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Unpublished Paper
U.S. Billion-ton Update: Biomass Supply for a Bioenergy and Bioproducts Industry
Agricultural and Biosystems Engineering Technical Reports and White Papers
  • Robert D. Perlack, Oak Ridge National Laboratory
  • Laurence M. Eaton, Oak Ridge National Laboratory
  • Anthony F. Turhollow, Jr., Oak Ridge National Laboratory
  • Matt H. Langholtz, Oak Ridge National Laboratory
  • Craig C. Brandt, Oak Ridge National Laboratory
  • Mark E. Downing, Oak Ridge National Laboratory
  • Robin L. Graham, Oak Ridge National Laboratory
  • Lynn L. Wright, Oak Ridge National Laboratory
  • Jacob M. Kavkewitz, Oak Ridge National Laboratory
  • Anna M. Shamey, Oak Ridge National Laboratory
  • Richard G. Nelson, Kansas State University
  • Bryce J. Stokes, United States Department of Energy
  • William L. Rooney, Texas A&M University
  • David J. Muth, Jr., Idaho National Laboratory
  • J. Richard Hess, Idaho National Laboratory
  • Jared M. Abodeely, Idaho National Laboratory
  • Chad Hellwinckel, University of Tennessee
  • Danial De La Torre Ugarte, University of Tennessee
  • Daniel C. Yoder, University of Tennessee
  • James P. Lyon, University of Tennessee
  • Timothy G. Rials, University of Tennessee
  • Timothy A. Volk, State University of New York
  • Thomas S. Buchholz, State University of New York
  • Lawrence P. Abrahamson, State University of New York
  • Robert P. Anex, Iowa State University
  • Thomas B. Voigt, University of Illinois at Urbana-Champaign
  • William Berguson, University of Minnesota
  • Don E. Riemenschneider, University of Minnesota
  • Douglas Karlen, United States Department of Agriculture
  • Jane M. F. Johnson, United States Department of Agriculture
  • Robert B. Mitchell, United States Department of Agriculture
  • Kenneth P. Vogel, United States Department of Agriculture
  • Edward P. Richard, Jr., United States Department of Agriculture
  • John Tatarko, United States Department of Agriculture
  • Larry E. Wagner, United States Department of Agriculture
  • Kenneth E. Skog, United States Department of Agriculture
  • Patricia K. Lebow, United States Department of Agriculture
  • Dennis P. Dykstra, United States Department of Agriculture
  • Marilyn A. Buford, United States Department of Agriculture
  • Patrick D. Miles, United States Department of Agriculture
  • D. Andrew Scott, United States Department of Agriculture
  • James H. Perdue, United States Department of Agriculture
  • Robert B. Rummer, United States Department of Agriculture
  • Jamie Barbour, United States Department of Agriculture
  • John A. Stanturf, United States Department of Agriculture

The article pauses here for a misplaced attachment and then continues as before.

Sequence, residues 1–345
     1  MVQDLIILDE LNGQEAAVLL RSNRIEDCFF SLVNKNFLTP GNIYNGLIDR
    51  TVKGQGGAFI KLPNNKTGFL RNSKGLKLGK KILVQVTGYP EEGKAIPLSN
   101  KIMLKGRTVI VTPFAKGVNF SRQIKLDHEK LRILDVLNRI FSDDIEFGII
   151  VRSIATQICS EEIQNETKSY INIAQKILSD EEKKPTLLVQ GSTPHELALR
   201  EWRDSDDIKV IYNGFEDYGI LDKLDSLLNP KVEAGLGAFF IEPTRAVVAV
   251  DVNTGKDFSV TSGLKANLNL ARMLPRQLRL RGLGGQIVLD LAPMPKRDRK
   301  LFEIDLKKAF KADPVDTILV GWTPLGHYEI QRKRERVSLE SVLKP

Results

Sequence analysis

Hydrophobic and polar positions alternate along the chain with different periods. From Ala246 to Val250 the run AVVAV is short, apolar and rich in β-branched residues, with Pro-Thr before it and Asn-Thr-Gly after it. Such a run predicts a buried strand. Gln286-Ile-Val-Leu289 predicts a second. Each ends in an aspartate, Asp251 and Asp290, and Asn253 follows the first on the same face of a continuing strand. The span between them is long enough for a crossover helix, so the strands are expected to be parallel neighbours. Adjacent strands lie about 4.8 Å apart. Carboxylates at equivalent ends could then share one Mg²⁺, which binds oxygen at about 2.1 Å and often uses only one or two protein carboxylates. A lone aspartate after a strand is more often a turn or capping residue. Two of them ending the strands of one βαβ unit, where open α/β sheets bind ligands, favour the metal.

• David B. McKeever, United States Department of Agriculture
  • Ronald S. Zalesny, Jr., United States Department of Agriculture
  • Edmund A. Gee, United States Department of Agriculture
  • P. Daniel Cassidy, United States Department of Agriculture
  • David Lightle, United States Department of Agriculture
Document Type
Report
Peer Reviewed
1
Publication Date
8-1-2011
Grant Number
DE-AC05-00OR22725
Granting or Sponsoring Agency
U.S. Department of Energy
Abstract
The Report, Biomass as Feedstock for a Bioenergy and Bioproducts Industry: The Technical Feasibility of a Billion-Ton Annual Supply (generally referred to as the Billion-Ton Study or 2005 BTS), was an estimate of “potential” biomass within the contiguous United States based on numerous assumptions about current and future inventory and production capacity, availability, and technology. In the 2005 BTS, a strategic analysis was undertaken to determine if U.S. agriculture and forest resources have the capability to potentially produce at least one billion dry tons of biomass annually, in a sustainable manner—enough to displace approximately 30% of the country’s present petroleum consumption. To ensure reasonable confidence in the study results, an effort was made to use relatively conservative assumptions. However, for both agriculture and forestry, the resource potential was not restricted by price. That is, all identified biomass was potentially available, even though some potential feedstock would more than likely be too expensive to actually be economically available. In addition to updating the 2005 study, this report attempts to address a number of its shortcomings
Language
en
File Format
application/pdf
Citation Information
, Robert D. Perlack, Laurence M. Eaton, Anthony F. Turhollow, et al.. "U.S. Billion-ton Update: Biomass Supply for a Bioenergy and Bioproducts Industry" (2011)
Available at: http://works.bepress.com/david_muth/12/